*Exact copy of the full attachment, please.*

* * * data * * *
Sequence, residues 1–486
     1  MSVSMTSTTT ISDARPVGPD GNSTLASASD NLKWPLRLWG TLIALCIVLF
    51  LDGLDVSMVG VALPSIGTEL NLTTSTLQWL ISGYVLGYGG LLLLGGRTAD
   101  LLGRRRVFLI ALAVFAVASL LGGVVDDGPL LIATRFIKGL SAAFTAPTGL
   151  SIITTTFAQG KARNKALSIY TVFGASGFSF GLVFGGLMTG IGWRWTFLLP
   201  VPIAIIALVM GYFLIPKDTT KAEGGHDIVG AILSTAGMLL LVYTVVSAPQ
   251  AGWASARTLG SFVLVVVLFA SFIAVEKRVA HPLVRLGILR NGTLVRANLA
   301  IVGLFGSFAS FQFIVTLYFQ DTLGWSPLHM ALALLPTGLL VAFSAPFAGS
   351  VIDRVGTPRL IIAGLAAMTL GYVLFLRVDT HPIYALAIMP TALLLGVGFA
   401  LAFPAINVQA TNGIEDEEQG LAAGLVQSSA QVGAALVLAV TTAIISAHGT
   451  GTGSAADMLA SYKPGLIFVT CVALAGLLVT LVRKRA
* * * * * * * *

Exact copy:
Sequence, residues 1–486
     1  MSVSMTSTTT ISDARPVGPD GNSTLASASD NLKWPLRLWG TLIALCIVLF
    51  LDGLDVSMVG VALPSIGTEL NLTTSTLQWL ISGYVLGYGG LLLLGGRTAD
   101  LLGRRRVFLI ALAVFAVASL LGGVVDDGPL LIATRFIKGL SAAFTAPTGL
   151  SIITTTFAQG KARNKALSIY TVFGASGFSF GLVFGGLMTG IGWRWTFLLP
   201  VPIAIIALVM GYFLIPKDTT KAEGGHDIVG AILSTAGMLL LVYTVVSAPQ
   251  AGWASARTLG SFVLVVVLFA SFIAVEKRVA HPLVRLGILR NGTLVRANLA
   301  IVGLFGSFAS FQFIVTLYFQ DTLGWSPLHM ALALLPTGLL VAFSAPFAGS
   351  VIDRVGTPRL IIAGLAAMTL GYVLFLRVDT HPIYALAIMP TALLLGVGFA
   401  LAFPAINVQA TNGIEDEEQG LAAGLVQSSA QVGAALVLAV TTAIISAHGT
   451  GTGSAADMLA SYKPGLIFVT CVALAGLLVT LVRKRA